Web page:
However this depiction did not detract from the group’s collective outrage that such poverty should still exist in a civilized society. Of the three primary members of Exit, two – Chris Steele-Perkins and Paul Trevor – have moved away from pure social concern into other photographic areas. Nicholas Battye moved away from photography altogether in favour of psychoanalysis.

Chris Killip
Chris Killip provides an example of a move away from photography created specifically to promote social change, towards a more personal interpretation of poverty and deprivation. His images are less about overt protest so much as a general view of economic decline.

Like many other socially concerned photographers he is an outsider, originally from the Isle of Man, beginning his photography career as a beach photographer. His work is created as an insider, and like Exit he embeds himself in communities to allow a more personal connection to his subjects, but at the same time applying an introspective and objective viewpoint. In this sense he perhaps has more in common with Bill Brandt than Riis and Hine.

Nick Danziger
Nick Danziger’s work is much less about concern for social reform than the others mentioned here. His work will often refer to class distinctions and often uses images of important people in unguarded moments. In combination with images of ordinary people the effect does not some much highlight differences as accentuate commonalities between classes. This focus on class as a subject is highly reminiscent of Bill Brandt.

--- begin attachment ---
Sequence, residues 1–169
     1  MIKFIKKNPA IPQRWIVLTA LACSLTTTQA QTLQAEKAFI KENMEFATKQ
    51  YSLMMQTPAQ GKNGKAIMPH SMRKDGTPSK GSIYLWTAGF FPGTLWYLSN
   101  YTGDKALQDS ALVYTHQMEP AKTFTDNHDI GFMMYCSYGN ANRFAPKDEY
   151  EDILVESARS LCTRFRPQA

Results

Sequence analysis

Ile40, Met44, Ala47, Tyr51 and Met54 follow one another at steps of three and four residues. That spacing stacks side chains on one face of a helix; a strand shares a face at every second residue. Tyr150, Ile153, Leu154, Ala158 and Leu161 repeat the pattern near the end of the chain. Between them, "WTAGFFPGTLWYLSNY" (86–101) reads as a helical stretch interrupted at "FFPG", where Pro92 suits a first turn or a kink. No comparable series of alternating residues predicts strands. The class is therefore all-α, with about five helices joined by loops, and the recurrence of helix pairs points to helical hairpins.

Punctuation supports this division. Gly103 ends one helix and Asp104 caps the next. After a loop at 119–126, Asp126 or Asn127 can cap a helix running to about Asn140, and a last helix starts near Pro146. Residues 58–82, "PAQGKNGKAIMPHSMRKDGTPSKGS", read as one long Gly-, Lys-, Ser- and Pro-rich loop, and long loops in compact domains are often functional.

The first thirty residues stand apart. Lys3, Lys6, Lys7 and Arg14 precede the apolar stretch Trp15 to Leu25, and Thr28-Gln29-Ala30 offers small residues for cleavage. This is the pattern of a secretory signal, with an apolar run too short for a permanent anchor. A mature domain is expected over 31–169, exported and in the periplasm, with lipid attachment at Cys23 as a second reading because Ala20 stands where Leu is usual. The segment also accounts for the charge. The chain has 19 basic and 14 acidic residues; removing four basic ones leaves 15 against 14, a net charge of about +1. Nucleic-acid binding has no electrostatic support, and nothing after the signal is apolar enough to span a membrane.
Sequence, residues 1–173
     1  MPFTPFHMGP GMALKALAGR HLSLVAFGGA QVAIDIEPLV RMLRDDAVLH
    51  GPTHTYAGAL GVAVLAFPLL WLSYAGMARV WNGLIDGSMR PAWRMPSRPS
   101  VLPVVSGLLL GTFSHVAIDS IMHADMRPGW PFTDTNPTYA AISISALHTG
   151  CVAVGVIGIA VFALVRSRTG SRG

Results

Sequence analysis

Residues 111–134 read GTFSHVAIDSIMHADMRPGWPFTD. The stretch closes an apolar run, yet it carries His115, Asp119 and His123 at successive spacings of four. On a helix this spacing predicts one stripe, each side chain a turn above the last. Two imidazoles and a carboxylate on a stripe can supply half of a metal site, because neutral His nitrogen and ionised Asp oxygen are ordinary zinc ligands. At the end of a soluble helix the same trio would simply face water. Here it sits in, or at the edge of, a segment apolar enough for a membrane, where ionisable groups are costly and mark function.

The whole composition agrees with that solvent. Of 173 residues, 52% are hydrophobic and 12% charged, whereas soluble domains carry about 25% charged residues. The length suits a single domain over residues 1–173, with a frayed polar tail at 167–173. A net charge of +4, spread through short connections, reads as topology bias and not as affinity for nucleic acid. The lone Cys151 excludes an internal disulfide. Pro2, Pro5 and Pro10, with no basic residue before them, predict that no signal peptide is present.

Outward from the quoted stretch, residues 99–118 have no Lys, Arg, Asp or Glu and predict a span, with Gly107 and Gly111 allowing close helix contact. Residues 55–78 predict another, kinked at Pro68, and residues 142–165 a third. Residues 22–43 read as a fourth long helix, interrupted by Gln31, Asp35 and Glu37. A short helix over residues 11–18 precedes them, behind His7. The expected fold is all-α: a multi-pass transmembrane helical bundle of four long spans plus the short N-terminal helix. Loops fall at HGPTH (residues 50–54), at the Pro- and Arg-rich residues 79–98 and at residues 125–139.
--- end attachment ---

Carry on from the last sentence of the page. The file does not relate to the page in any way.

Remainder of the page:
There is often a sly humour in his images as well, not dissimilar at times to the colour images of Martin Parr

Jeffrey, I. (1981) Photography: A Concise History (World of Art). (01 edition) (s.l.): Thames and Hudson Ltd.
Marien, M. W. (2014) Photography, Fourth Edition: A Cultural History. (01 edition) (s.l.): Laurence King Publishing.
Jeffrey, I. (2007) Bill Brandt (Photofile). (1st edition) (s.l.): Thames and Hudson Ltd.
New Writing: Exit Photography Group | Photoworks (2014) At: (Accessed 27/04/2020).
Steele-Perkins, C. (s.d.) Chris Steele-Perkins | Magnum Photographer | London. At: (Accessed 27/04/2020).
PAUL TREVOR (s.d.) At: (Accessed 27/04/2020).
About Nicholas – (s.d.) At: (Accessed 27/04/2020).
Chris Killip Photographer (s.d.) At: (Accessed 27/04/2020).
Home (s.d.) At: (Accessed 27/04/2020).

Leave a Reply

Fill in your details below or click an icon to log in: Logo

You are commenting using your account. Log Out /  Change )

Twitter picture

You are commenting using your Twitter account. Log Out /  Change )

Facebook photo

You are commenting using your Facebook account. Log Out /  Change )

Connecting to %s